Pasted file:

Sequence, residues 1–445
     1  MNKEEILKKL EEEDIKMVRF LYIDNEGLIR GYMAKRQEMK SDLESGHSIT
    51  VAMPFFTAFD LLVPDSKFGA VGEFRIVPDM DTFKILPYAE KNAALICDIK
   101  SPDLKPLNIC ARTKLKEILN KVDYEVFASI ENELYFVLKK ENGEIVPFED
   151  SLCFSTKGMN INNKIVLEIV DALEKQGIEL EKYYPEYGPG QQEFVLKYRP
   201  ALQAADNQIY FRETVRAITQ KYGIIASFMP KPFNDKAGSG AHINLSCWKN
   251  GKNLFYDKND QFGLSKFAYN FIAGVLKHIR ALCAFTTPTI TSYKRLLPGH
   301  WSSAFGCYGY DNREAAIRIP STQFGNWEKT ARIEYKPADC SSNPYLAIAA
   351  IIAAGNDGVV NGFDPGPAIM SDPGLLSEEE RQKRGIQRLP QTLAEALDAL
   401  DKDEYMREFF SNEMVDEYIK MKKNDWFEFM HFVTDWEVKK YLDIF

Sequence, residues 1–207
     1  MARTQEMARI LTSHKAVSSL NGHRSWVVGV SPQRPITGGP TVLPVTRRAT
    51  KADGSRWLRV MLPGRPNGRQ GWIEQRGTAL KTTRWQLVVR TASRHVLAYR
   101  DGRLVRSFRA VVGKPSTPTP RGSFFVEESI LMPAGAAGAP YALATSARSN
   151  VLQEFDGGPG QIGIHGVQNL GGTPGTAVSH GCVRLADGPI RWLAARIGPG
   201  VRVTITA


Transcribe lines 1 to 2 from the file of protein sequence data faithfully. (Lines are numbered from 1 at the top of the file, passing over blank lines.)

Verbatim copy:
Sequence, residues 1–445
     1  MNKEEILKKL EEEDIKMVRF LYIDNEGLIR GYMAKRQEMK SDLESGHSIT